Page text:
The 15-year-old boy sits weeping in a safehouse in central Iran, broken in body and spirit. Reza will not go outside — he is terrified of being left alone. He says he wants to end his life and it is not hard to understand why: for daring to wear the green wristband of Iran’s opposition he was locked up for 20 days, beaten, raped repeatedly and subjected to the Abu Ghraib-style sexual humiliations and abuse for which the Iranian regime denounced the United States.
“My life is over. I don’t think I can ever recover,” he said, as he recounted his experiences to The Times — on condition that his identity not be revealed. A doctor who is treating him, at great risk to herself, confirmed that he is suicidal, and bears the appalling injuries consistent with his story. The family is desperate, and is exploring ways of fleeing Iran.
Reza is living proof of the charges levelled by Mehdi Karoubi, one of the opposition’s leaders, that prison officials are systematically raping both male and female detainees to break their wills. The regime has accused Karoubi of helping Iran’s enemies by spreading lies and has threatened to arrest him.
The boy’s treatment also shows just how far a regime that claims to champion Islamic values is prepared to go to suppress millions of its own citizens who claim that President Ahmadinejad’s re-election was rigged.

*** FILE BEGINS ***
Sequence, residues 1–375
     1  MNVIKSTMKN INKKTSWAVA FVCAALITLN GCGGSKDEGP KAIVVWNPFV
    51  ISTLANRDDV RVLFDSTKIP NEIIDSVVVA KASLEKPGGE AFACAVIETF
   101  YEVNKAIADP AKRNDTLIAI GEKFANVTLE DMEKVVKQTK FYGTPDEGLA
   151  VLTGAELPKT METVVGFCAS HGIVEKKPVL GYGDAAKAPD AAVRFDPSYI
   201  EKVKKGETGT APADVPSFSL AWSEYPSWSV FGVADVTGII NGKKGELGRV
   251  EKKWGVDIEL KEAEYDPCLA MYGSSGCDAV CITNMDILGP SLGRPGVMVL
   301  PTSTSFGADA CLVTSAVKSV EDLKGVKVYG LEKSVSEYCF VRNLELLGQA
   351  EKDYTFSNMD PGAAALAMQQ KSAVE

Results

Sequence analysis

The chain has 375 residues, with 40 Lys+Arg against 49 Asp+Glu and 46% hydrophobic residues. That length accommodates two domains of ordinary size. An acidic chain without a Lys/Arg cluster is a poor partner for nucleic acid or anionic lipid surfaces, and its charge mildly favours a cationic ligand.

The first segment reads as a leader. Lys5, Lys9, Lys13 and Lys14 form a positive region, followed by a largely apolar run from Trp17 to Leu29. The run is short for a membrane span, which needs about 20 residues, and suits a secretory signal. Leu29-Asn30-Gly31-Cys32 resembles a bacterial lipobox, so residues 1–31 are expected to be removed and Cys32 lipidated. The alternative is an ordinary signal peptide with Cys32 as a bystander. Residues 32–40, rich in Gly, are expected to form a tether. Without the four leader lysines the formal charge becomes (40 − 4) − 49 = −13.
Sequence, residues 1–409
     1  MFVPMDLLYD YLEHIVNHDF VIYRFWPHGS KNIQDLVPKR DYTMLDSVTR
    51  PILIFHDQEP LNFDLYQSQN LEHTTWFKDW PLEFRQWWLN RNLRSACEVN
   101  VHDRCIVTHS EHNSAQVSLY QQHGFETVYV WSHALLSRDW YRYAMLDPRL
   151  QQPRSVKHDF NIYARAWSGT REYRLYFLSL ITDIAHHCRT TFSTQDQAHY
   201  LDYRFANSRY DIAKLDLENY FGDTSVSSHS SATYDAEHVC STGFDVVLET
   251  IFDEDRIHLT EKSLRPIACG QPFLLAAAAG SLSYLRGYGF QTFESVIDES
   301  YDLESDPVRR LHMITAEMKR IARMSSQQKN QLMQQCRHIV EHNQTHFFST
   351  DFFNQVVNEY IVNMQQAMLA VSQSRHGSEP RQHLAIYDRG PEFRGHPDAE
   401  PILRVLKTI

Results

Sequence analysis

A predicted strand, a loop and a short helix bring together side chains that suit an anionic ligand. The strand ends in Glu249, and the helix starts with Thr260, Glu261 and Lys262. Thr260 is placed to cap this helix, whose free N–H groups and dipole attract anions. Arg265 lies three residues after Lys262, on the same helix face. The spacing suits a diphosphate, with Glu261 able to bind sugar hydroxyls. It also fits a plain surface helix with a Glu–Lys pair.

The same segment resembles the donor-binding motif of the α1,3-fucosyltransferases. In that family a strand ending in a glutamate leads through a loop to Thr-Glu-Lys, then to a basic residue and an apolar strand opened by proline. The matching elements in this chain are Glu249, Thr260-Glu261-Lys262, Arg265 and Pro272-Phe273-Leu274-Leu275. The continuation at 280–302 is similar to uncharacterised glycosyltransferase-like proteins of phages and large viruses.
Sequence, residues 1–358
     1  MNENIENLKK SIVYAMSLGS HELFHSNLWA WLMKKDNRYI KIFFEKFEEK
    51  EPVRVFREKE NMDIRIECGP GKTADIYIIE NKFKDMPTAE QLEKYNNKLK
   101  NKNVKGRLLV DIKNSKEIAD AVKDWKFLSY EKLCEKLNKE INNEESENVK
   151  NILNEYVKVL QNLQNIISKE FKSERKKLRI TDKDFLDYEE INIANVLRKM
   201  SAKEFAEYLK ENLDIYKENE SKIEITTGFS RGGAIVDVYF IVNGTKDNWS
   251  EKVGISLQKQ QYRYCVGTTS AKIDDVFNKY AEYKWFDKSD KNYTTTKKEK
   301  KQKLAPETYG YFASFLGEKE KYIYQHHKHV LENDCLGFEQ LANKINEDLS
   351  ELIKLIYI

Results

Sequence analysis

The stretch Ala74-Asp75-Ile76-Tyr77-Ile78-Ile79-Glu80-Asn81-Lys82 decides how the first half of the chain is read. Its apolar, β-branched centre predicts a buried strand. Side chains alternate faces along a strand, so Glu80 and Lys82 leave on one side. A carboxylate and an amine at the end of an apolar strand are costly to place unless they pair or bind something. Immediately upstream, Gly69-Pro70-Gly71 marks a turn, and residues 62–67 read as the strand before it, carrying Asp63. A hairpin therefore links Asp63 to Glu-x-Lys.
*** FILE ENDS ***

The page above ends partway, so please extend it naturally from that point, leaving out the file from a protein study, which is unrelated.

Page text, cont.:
Reza’s ordeal began in mid-July when he was arrested with about 40 other teenagers during an opposition demonstration in a large provincial city. Most were too young even to have voted. They were taken to what he believes was a Basiji militia base where they were blindfolded, stripped to their underwear, whipped with cables and then locked in a steel shipping container. That first night Reza was singled out by three men in plain clothes who had masqueraded as prisoners. As the other boys watched, they pushed him to the ground. One held his head down, another sat on his back and the third urinated on him before raping him.
“They were telling us they were doing this for God, and who did we think we were that we could demonstrate,” Reza said. The men told the other boys they would receive the same treatment if they did not co-operate when interrogated the next day.